Dehydration in athletic horses: how to maintain their performance using electrolytes

Electrolytes are essential components to guarantee good hydration of athletic horses. Horses have a thermoregulation system that causes them to lose large amounts of sweat during exertion. They therefore have very high electrolyte requirements, particularly when they are competing. How can an adequate electrolyte intake be guaranteed to maintain their performance and protect them against risks associated with certain diseases?

Horse sweat harness racing

 

During exercise, horses sweat profusely. The sweat they lose has a particularly high concentration of mineral salts, contained in electrolytes: potassium (K+), sodium (Na+) and chloride (Cl-) ions.

To compensate for these losses, it is necessary to implement a strategy designed to prevent dehydration problems. A high level of dehydration can have direct consequences in terms of reduced performance or even the development of certain diseases, such as colic or myositis (“tying up”), etc.

 

What are electrolytes?

Electrolytes are ionizable elements that circulate in the intra and extracellular fluid compartments. The ones we are interested in here are mineral salts and, more specifically, sodium (Na+), potassium (K+) and chloride (Cl-).

Unlike calcium, these electrolytes are directly linked to the horse’s fluid balance. It is this that enables horses to regulate their hydration levels and thereby avoid dehydration. These elements are involved in a whole range of metabolisms, in particular muscle contraction. Hence their importance in athletic horses, who exert considerable effort during competitions.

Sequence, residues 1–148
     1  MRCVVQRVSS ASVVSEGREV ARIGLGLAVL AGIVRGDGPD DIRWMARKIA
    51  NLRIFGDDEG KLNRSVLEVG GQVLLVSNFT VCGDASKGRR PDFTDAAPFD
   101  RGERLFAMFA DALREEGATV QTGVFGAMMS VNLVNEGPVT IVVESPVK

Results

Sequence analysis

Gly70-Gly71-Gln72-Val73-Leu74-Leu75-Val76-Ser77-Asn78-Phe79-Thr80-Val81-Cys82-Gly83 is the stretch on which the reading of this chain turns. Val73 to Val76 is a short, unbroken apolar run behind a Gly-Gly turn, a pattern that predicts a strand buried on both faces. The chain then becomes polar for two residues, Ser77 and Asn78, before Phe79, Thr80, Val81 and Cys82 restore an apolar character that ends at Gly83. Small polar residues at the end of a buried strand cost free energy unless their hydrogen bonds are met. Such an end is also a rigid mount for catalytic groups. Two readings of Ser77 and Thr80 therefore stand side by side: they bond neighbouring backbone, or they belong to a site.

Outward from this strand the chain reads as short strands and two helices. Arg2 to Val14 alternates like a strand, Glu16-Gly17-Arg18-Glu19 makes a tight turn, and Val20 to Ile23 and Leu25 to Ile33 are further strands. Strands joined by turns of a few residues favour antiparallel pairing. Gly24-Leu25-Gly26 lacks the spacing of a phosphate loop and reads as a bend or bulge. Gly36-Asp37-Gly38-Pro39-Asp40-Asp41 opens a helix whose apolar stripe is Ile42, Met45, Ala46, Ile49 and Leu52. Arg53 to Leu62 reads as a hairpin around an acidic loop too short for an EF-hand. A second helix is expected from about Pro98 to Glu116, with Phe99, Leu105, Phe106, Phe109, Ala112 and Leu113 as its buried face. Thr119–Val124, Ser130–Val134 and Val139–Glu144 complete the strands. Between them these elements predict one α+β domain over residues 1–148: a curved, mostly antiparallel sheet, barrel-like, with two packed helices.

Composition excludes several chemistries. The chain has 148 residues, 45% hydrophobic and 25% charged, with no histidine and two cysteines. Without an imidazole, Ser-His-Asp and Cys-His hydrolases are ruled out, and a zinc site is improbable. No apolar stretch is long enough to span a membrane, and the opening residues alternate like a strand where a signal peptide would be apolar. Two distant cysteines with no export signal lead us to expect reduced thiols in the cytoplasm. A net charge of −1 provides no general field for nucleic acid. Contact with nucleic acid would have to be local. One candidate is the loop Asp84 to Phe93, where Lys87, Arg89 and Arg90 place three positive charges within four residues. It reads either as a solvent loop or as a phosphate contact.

Why control electrolyte intake in athletic horses?

Horse sweating eventing cross-countryHorses are homeothermic animals. This means they have their own thermoregulation system, of which sweating is a part. This system allows horses to maintain their core temperature at around 37.7°C. Factors causing a rise in body temperature include exercise, transport, environment (hot, cold, dry, wet weather, etc.), stress or, potentially, inflammatory reactions. Electrolyte losses due to sweating are very high in athletic horses. This phenomenon can be explained by two specific characteristics:

  • The first concerns the proportion of skeletal muscles. These account for 40% of a horse's bodyweight, compared to 20% in humans.
  • The second characteristic concerns the low exchange surface area, i.e. the mass/surface area ratio. This is 100 in horses, compared to 40 in humans. All this means that even in non-extreme climate conditions, an exercising horse can lose up to 15L of sweat per hour. For a horse that weighs 450 kg, this is equivalent to 5% of the total water content present in its body.

 

4 tips to control electrolyte intake and avoid dehydration

To avoid dehydration, you should heed the following advice:

  • Make sure horses have access to water and that they drink it.
  • Ensure a balanced water and electrolyte (K+, Na+, Cl-) intake. Taking in water without electrolytes or electrolytes without water can accentuate the phenomenon of dehydration. So electrolytes should be supplied directly in water (in soluble powder or liquid form) or separately from water (in feeding or directly into the mouth via an oral paste).
  • Electrolyte solutions must have a ratio consistent with their concentration in sweat. They must also be very appetizing for horses.
  • Some substances, such as glycine, improve the assimilation of electrolytes and therefore enable appropriate electrolyte quantities that do not irritate the stomach.

 

Electrolytes are necessary to guarantee fluid balance in an athletic horse. Find PASKACHEVAL’s HYDRATONIC electrolyte range, in gel, powder and solution form at your nearest distributor.

 

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    PASKAMINE is a mineral supplement suited for athletic horses